The “Good-Faith Exception” as Applied to a Motion to Suppress in Arizona

In a recent case before the Arizona Court of Appeals, Division One, the court had to decide whether a police officer’s honest mistake before a traffic stop meant the trial court should have suppressed evidence that he found during the stop. The case highlights the leniency that some courts will give to officers based on what is called the “good-faith exception” to normal standards of suppression.

Motion to Suppress

The defendant in this case originally filed a motion to suppress after an officer found him with fentanyl. The lead-up to the defendant’s arrest went as follows: the defendant and an acquaintance were chatting at a local gas station. An officer saw the pair repeatedly enter and exit a car, then they drove off together. Finding their behavior suspicious, the officer radioed dispatch to see if either person had active arrest warrants. Dispatch reported back that while there were no active warrants, the defendant’s acquaintance, who was driving the vehicle, had an invalid driver’s license.

The officer conducted a traffic stop, and he inspected the driver’s license. As it turns out, the driver’s license was valid, and the dispatcher had made a mistake in reporting the opposite. While the officer was still chatting with the pair, a third individual approached the car and informed the group that the defendant had dropped something near the front of the car. As it turned out, this dropped item was the defendant’s bottle of blue pills, later identified as fentanyl.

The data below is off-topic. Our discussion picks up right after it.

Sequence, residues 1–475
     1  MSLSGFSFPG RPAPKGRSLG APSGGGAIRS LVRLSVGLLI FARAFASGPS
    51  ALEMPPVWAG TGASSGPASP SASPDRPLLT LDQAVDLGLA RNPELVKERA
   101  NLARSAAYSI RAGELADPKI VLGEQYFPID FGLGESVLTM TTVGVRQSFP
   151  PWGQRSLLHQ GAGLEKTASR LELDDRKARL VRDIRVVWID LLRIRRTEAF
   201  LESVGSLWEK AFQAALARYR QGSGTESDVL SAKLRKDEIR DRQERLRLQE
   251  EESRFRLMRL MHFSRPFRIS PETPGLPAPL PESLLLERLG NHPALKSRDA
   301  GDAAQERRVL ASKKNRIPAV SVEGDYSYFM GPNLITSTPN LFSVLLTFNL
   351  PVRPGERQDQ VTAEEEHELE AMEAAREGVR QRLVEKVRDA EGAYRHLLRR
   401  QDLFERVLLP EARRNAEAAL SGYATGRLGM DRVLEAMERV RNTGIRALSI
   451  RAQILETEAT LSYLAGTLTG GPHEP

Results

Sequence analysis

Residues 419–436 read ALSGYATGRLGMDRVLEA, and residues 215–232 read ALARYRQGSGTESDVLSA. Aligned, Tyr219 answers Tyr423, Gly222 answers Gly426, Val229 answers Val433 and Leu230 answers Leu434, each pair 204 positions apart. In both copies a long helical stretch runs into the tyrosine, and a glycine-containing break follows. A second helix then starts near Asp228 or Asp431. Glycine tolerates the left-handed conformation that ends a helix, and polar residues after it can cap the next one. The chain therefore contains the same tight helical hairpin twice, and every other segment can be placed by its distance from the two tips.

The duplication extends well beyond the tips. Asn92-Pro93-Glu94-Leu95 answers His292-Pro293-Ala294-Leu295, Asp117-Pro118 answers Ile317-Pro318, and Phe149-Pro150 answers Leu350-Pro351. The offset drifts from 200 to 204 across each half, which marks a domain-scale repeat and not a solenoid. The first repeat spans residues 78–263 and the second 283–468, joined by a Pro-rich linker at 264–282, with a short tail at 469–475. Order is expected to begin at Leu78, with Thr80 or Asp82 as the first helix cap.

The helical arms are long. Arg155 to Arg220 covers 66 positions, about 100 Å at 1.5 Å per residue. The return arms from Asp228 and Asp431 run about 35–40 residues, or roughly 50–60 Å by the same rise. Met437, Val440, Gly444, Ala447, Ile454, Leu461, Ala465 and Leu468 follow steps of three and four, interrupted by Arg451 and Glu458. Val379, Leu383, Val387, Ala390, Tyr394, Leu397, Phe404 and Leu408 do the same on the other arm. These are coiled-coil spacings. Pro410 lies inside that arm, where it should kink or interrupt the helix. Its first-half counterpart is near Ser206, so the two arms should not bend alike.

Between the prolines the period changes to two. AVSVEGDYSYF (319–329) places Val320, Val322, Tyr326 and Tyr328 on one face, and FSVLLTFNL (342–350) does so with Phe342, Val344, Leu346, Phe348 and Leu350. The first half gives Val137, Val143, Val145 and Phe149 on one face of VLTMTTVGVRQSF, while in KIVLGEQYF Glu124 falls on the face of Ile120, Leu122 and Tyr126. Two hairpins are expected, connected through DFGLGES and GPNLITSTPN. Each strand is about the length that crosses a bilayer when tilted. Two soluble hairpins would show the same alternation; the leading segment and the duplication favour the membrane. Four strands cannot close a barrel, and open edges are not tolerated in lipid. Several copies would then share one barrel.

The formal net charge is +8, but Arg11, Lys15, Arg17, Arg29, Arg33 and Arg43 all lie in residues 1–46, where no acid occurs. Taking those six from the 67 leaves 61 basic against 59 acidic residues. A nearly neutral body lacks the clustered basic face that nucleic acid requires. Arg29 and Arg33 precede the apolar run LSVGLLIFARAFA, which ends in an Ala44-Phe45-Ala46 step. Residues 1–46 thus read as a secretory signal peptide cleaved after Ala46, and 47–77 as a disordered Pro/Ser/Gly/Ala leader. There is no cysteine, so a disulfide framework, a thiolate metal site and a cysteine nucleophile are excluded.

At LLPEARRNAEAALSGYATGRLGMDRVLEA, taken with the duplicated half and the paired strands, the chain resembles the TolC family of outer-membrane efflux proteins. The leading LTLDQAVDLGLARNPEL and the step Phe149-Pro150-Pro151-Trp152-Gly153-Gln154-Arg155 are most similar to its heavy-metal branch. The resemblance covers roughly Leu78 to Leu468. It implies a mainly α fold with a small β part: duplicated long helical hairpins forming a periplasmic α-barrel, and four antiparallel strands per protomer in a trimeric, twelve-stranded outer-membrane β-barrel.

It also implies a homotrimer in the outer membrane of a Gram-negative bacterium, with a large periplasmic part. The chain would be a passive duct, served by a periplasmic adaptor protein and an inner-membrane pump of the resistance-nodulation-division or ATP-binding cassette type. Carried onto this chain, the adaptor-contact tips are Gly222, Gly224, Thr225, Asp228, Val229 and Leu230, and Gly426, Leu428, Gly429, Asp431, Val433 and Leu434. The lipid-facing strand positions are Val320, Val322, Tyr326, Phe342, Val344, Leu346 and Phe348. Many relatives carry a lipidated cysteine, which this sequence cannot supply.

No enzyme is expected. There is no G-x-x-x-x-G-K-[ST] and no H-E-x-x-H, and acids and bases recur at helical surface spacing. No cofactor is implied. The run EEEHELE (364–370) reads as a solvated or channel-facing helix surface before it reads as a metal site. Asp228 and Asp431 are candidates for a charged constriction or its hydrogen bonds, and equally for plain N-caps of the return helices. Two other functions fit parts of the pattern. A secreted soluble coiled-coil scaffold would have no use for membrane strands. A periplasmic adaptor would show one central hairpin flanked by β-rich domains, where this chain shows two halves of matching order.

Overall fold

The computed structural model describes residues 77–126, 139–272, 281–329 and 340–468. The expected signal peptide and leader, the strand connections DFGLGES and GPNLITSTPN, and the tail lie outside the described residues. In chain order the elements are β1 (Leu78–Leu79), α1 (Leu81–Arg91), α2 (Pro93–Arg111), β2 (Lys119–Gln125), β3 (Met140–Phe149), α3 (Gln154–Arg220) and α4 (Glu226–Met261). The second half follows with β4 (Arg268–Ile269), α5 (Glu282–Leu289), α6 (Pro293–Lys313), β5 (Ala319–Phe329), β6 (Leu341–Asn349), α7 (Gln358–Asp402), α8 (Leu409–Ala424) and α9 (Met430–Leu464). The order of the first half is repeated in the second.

After the defendant was criminally charged, he asked the trial court to suppress the evidence. The trial court denied his motion.

Good-Faith Exception

The higher court’s job, then, was to review the lower court’s decision on the motion to suppress. In certain circumstances, said the court, it would have made sense to grant the motion, given the fact that the officer did not have a legal reason to stop the car. The driver’s license was, after all, valid.

However, the court found that the dispatcher made an honest mistake in gathering incorrect intel on the driver’s license. Therefore, his actions fell under the “good-faith exception” to the normal suppression standards, and the resulting incriminating evidence was admissible. Overall, this exception can be frustrating for defendants, especially in circumstances where the officer should not have had grounds to conduct a traffic stop in the first place.

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